Kerning is sort of like tracking, but it references how two specific letters work together. This is one of the biggest reasons that good fonts can be so darn expensive. Font designers can spend far longer adjusting the kerning for a typeface than they do on the actual letter designs. Here is an example of a font with the kerning set back to zero, and then how it looks with the kerning enabled:


As you can see, bad kerning doesn’t affect every letter, but it’s very noticeable between the A and the V. When you go to adjust it, you’ll see a few preset options: Optical and Metrics. Optical is the settings that the designer set manually, and metric is calculated using an algorithm.  The visual differences are slight, so which you use is up to you.


Unfortunately, PSE doesn’t yet have the capability to do some of these adjustments. There is a slight workaround though, that gives you some results. Go to Preferences > General and check the ‘Show Asian Text Options’ box. Next, select the Text tool, then click on your image and type. Highlight your text, and then click on the symbol at the top to adjust.

That’s it for today, but I’ll be back next week with more, as we delve into the different categories of fonts.

(Have a question you’ve always wanted answered? Ask it here, and I’ll include it in a future blog post!)


Destruction – With Purpose!


Hi everyone – I’m back!!  Did you try playing around with a quick page or two? That’s what we chatted about when we last got together.  This time, I’d like to talk to you about destruction with purpose.  Okay, so when you hear the word “destruction”, you might think about modifying elements by destructive or non-destructive means (recoloring something, for example, or using masks) … but nope, that’s not what I had in mind. Perhaps destruction is the wrong word. Um … how about creative re-engineering.  Yeah, that will work: Creative Re-Engineering.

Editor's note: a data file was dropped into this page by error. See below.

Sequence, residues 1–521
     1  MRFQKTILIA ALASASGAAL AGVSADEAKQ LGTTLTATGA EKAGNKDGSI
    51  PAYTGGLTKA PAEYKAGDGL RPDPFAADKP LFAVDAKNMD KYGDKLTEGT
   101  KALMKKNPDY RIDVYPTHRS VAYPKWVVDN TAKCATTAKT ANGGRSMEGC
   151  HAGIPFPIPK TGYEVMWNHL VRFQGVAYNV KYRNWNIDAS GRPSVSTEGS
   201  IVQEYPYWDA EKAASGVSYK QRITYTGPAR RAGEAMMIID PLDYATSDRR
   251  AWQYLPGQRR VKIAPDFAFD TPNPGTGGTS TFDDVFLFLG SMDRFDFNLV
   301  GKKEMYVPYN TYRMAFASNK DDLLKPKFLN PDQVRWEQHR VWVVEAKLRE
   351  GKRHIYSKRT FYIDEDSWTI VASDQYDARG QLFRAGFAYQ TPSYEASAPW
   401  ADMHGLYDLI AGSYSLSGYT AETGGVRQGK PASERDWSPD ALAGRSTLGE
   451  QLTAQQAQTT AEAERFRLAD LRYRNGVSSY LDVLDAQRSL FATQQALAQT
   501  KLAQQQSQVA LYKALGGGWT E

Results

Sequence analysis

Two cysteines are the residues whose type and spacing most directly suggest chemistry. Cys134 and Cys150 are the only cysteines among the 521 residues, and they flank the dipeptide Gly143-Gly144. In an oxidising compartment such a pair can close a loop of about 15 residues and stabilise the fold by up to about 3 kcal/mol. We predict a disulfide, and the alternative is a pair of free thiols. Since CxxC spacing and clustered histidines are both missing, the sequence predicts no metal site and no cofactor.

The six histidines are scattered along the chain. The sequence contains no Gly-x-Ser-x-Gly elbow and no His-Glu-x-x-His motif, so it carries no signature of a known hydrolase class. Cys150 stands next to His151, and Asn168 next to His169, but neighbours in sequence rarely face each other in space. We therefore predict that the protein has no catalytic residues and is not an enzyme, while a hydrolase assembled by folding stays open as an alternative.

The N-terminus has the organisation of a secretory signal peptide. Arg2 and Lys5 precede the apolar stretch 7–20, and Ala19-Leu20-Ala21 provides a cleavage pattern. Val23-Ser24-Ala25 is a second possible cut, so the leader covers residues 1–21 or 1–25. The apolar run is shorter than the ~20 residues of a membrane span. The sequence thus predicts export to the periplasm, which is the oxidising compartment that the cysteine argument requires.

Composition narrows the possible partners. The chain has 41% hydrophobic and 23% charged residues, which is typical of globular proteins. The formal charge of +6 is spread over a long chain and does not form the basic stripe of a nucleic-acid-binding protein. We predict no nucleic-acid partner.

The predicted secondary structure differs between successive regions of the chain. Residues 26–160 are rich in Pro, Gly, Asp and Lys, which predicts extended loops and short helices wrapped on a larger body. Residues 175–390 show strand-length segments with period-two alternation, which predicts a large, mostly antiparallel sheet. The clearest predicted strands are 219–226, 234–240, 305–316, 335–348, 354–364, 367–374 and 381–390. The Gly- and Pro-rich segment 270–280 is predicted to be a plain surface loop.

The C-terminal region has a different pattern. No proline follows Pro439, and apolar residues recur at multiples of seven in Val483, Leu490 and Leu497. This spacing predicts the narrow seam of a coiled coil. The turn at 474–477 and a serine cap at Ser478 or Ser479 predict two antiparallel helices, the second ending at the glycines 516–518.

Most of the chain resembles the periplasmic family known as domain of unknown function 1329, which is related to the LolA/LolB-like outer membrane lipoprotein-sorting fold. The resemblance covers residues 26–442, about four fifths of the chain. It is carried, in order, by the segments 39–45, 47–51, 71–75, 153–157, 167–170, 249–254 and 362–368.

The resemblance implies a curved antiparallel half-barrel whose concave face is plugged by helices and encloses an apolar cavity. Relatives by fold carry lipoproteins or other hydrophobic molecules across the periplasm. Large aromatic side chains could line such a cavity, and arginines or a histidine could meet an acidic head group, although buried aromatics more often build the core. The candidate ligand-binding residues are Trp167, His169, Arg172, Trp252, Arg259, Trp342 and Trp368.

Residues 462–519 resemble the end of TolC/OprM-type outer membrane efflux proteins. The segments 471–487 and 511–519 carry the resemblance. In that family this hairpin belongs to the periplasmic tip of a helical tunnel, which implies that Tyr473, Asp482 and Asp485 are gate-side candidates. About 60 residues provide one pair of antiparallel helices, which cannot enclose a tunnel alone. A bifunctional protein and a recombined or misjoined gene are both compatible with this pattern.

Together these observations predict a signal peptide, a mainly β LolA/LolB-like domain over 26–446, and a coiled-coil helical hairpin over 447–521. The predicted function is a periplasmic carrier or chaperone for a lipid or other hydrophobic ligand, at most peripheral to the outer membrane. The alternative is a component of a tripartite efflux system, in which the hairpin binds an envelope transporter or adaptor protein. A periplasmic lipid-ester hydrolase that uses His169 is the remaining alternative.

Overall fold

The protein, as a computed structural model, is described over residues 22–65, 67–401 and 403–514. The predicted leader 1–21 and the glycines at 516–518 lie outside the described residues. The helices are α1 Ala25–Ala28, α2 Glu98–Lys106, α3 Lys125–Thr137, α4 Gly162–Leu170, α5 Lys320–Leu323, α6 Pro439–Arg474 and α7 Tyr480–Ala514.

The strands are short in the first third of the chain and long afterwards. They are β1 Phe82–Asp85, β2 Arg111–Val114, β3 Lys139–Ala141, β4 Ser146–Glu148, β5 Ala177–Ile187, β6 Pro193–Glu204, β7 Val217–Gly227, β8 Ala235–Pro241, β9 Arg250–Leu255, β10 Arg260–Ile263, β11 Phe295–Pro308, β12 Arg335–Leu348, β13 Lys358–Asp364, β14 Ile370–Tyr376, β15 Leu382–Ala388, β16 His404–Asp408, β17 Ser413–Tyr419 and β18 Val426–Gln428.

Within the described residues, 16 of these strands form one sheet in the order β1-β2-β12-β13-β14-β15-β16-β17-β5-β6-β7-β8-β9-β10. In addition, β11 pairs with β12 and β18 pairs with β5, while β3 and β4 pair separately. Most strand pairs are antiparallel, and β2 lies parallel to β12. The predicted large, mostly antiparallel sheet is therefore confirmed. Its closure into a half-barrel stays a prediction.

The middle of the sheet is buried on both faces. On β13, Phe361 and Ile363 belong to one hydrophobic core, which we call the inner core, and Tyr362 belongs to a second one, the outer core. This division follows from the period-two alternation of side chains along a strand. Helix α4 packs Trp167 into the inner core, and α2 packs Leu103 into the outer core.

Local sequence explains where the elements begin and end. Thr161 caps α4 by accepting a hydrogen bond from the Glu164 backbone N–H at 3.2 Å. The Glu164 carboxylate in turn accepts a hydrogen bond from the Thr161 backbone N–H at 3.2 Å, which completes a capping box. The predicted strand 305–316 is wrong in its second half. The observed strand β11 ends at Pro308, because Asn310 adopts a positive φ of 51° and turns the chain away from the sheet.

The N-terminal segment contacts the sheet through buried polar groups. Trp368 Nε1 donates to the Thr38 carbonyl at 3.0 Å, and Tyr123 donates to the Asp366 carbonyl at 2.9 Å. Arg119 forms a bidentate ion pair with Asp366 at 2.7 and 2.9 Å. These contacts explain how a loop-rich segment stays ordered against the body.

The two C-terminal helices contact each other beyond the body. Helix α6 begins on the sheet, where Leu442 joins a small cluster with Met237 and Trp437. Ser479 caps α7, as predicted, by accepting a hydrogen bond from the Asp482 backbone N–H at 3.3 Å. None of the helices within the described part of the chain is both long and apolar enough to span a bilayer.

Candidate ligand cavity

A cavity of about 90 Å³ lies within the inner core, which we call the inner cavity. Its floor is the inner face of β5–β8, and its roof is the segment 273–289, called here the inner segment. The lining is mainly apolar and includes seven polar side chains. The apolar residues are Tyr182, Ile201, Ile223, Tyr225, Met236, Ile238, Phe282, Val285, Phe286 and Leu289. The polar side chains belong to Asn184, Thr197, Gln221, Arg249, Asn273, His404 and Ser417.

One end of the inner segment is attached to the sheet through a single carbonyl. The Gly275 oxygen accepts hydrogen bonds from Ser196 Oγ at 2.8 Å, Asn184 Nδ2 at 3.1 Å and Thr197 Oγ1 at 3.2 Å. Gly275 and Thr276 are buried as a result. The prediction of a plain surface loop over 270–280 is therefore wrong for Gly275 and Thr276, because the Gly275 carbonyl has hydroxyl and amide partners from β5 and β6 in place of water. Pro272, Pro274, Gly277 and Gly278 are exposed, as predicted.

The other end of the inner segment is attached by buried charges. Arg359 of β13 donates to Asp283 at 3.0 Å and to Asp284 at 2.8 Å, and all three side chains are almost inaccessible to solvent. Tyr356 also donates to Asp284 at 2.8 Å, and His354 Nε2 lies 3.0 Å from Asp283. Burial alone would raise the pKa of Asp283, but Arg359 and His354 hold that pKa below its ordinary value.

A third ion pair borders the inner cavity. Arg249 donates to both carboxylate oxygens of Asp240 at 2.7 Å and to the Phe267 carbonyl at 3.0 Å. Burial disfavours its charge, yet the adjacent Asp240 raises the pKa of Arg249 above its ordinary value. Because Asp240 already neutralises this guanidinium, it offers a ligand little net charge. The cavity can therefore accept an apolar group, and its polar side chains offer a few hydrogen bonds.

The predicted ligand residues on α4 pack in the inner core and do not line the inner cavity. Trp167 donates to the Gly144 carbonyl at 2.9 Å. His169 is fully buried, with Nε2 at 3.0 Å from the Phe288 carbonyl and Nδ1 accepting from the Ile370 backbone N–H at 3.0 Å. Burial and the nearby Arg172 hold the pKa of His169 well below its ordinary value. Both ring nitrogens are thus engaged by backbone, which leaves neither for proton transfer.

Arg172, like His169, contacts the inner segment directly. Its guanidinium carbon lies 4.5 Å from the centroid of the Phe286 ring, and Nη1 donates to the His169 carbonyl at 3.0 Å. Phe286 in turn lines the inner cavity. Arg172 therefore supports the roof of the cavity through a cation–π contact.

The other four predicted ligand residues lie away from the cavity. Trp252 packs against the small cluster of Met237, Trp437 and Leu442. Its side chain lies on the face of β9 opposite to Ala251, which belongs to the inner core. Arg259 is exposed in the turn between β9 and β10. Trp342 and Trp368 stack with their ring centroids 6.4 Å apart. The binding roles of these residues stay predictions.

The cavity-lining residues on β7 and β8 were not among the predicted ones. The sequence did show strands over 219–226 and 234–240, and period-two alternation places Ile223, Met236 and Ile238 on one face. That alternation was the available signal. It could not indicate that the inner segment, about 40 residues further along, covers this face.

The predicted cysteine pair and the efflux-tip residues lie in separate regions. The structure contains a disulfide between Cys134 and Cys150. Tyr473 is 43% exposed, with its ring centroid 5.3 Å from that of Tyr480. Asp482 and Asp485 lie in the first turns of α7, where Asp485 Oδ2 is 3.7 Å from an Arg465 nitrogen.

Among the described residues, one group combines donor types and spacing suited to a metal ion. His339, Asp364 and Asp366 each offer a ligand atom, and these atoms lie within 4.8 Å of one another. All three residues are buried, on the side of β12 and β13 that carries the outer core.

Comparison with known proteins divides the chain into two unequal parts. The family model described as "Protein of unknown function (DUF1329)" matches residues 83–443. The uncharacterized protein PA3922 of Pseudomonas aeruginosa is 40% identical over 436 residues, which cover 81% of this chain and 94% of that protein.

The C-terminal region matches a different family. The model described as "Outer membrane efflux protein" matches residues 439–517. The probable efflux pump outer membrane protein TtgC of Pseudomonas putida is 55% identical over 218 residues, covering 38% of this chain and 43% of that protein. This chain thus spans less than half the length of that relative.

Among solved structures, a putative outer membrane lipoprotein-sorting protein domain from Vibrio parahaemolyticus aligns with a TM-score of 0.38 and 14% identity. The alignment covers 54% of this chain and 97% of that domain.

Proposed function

Taking the next step from quick pages (QP), templates are a great way to stretch your digi skills a little more (really great for beginners or experts, alike). Like a quick page, a lot of the layout design is created for you by the designer, but unlike a QP that only has one or two layers, a template is choc-full of things you can play with.  Add papers, elements, photos, journaling. Pretty much, you name it, you can do it. Templates can be used “as is” or rotated, flipped, merged … or re-engineered. Let’s take a look at an example.

Here’s a page I created back in [eeeekk!!] 2013!  Oh my. It’s using a free template from Sarah Hemmert that’s still available in the P&Co store – you can find it here.

SoMuchFunMy process of creative re-engineering is taking a template, breaking it down, and rearranging the pieces to create something new. Although I love all the clusters in the original design, I really like the paper tear – those things can be so hard to replicate, unless you have some patience … and after all the caffeine I’ve had today, for example, now would not be the right time to try and attempt to create a paper tear. Lazy?  Heck, no!  Creative!  Using the paper tear as my base, and also picking up the tear under the bottom edge of the photo on the original design, I started to play around. I started to re-engineer the 2+ year-old template, giving it new life. A different life. Want to see my new-and-improved version?  Here you go —

Dream-EverydayCredits: Digital Scrapbook Collection | June 2015 – contributions by Jen Allyson (branch also by Jen); template – modified – by Sarah Hemmert